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Gem lab recommodations


#1

Hi Orchid,

We just recieved a few lots of “natural ruby” from a regular supplier
of ours in Chanthaburi, Thailand that appear to be possible
synthetics. The color is garnety and very uniform, and there are
inclusions that look like gas bubbles under darkfield. So we’re
sending most of it back but we want to keep one small lot for testing
by a gem lab. It seems though that all the labs out there want to
sell some fancy gem portfolio with big color photos etc, but I just
want to know what the deal is with this strange looking stone. I
don’t care about fancy, just a natural/synthetic determination is all
I want. Does any lab do this for less than a hundred dollars? Since
we aren’t even going to sell this stuff I’d rather not pay for color
grading etc.

Thanks for your ideas.
Douglas


#2

Professional Gem Sciences, one of the top labs in the world, run by
Tom and Miryam Tashey. Tom used to be head of GIA’s GTL, later a big
lab in LA, now runs his own operation in Chicago and Israel. Call or
check their website. Your ID, etc, sure won’t cost $100!

Company: Professional Gem Sciences, Inc
Contact: Tom Tashey
Address: 5 S. Wabash St. #1905 Chicago, Illinois USA, 60603
Phone: 1 (312) 920-1541
Fax:1 (312) 920-1547
Web Site: www.progem.com

You can call Tom and probably talk to him directly, feel free to use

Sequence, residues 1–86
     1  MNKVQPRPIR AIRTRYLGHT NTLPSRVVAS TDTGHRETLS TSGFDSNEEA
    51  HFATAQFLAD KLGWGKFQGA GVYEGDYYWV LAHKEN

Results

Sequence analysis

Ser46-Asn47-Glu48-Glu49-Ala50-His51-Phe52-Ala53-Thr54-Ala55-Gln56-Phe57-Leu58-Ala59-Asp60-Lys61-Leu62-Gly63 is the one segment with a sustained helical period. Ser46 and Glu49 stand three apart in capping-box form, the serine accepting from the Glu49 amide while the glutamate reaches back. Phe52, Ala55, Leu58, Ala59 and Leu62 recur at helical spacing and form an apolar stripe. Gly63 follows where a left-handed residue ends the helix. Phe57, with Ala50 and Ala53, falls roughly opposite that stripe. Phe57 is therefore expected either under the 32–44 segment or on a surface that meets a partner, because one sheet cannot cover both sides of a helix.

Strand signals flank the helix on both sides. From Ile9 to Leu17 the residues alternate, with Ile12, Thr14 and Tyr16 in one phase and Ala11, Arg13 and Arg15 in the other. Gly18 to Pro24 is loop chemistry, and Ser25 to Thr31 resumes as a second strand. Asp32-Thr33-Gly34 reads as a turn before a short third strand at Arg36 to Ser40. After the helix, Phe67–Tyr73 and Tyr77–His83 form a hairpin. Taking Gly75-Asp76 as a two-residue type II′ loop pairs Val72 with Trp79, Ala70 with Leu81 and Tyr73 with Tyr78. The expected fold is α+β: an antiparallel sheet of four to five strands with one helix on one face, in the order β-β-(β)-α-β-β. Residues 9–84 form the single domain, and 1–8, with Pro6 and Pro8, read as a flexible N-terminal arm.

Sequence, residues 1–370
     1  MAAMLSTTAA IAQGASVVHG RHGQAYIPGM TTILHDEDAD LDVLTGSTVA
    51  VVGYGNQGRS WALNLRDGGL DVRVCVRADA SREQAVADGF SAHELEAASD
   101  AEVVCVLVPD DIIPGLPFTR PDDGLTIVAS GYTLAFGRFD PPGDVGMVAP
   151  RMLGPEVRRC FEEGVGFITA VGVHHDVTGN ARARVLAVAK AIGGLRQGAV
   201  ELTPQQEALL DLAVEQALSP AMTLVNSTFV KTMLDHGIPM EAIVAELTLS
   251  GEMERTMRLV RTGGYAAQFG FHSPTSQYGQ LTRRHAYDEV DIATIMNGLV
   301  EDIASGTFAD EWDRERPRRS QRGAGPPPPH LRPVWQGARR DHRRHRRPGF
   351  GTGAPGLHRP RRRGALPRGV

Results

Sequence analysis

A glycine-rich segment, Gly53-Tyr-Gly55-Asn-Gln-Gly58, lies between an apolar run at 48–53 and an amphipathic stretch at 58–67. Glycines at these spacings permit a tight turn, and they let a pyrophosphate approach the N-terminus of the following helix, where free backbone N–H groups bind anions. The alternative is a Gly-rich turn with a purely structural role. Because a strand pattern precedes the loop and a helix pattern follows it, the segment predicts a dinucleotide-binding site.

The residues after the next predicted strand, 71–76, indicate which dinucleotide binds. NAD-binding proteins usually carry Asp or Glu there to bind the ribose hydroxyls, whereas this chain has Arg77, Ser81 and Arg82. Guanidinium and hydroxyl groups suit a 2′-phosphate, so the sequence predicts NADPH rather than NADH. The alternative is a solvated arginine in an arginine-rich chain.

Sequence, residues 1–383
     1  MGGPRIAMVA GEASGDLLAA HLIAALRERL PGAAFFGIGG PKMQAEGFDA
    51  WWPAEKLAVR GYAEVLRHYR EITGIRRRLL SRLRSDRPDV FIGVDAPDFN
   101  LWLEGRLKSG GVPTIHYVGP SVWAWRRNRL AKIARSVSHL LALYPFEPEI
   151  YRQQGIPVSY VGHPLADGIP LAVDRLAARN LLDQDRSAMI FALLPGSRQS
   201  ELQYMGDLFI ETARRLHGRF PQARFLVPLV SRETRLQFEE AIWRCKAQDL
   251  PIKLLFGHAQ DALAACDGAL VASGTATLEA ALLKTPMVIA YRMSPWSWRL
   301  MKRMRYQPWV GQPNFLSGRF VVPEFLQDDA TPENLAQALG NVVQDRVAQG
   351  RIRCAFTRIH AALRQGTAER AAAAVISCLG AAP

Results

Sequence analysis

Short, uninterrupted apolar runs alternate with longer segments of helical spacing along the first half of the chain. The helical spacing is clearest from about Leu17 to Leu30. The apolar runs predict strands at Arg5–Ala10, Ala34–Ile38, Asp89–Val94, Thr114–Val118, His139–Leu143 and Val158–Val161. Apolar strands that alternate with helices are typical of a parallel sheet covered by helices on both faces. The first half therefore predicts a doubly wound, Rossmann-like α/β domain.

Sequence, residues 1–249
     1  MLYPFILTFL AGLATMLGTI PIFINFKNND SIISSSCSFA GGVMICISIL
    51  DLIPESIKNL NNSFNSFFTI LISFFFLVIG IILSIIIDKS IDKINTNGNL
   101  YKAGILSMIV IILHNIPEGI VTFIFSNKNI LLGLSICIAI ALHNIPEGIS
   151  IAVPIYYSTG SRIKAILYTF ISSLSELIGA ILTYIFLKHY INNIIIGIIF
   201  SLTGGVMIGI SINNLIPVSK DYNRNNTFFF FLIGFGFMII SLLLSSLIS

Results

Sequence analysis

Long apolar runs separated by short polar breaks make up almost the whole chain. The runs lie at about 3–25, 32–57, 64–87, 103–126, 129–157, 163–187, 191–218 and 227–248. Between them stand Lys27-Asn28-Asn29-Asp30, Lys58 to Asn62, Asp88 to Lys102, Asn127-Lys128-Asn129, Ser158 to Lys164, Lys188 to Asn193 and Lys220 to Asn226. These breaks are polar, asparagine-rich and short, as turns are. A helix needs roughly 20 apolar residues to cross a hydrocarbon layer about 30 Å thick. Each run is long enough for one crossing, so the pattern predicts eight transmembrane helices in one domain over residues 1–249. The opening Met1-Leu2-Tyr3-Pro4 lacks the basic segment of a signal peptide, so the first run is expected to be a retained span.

my name.

We are very old friends but I make no money from his business or
referrals. he’s the best!

Wayne Emery


#3

The AGTA lab in New York is the best lab in this country for gemstone
identification. Probably Gubelin is considered one of the best in the
world. But you’re asking for something that just doesn’t exist in a
good gem lab: a cheap report. Can’t happen anymore as the equipment
necessary is just too expensive. Most likely what you are looking at
is some very heavily heated/lead glass filled material that has
flooded the market recently. The head of the AGTA lab recently was
quoted in a trade magazine article about the Tucson show offerings as
saying that the question was if the material was ruby with glass
filling or glass with pieces of ruby in it.

Daniel R. Spirer, G.G.
Daniel R. Spirer Jewelers, LLC
1780 Massachusetts Ave.
Cambrige, MA 02140
www.spirerjewelers.com


#4
Thailand that appear to be possible synthetics. The color is
garnety and very uniform, and there are inclusions that look like
gas bubbles under darkfield. 

If you see gas bubbles and supplier calls it natural, you probably
looking at “glass filled” treatment.

Leonid Surpin
www.studioarete.com


#5

Douglas-- You might try a local American Gem Society store or
supplier that has either Gem Lab designation and/or a Certified
Gemologist on staff. Just ask a few questions about their background
and qualifications (and fees!)-- that should tell you if they are a
good fit for your needs.

We have that designation + the experience for basic gem separations
and are based in So. Cal. A verbal gem ident is normally ~ $25, while
a written gem ident report is $60 for the first item. Our fees are
based at $100 per hour.

Thai rubies (natural) are not seen too often in today’s market. They
often have rounded crystal inclusions and their color can be
"garnety" as you describe, especially compared to Burma goods.

Jim
Mardon Jewelers
mardonjewelers.com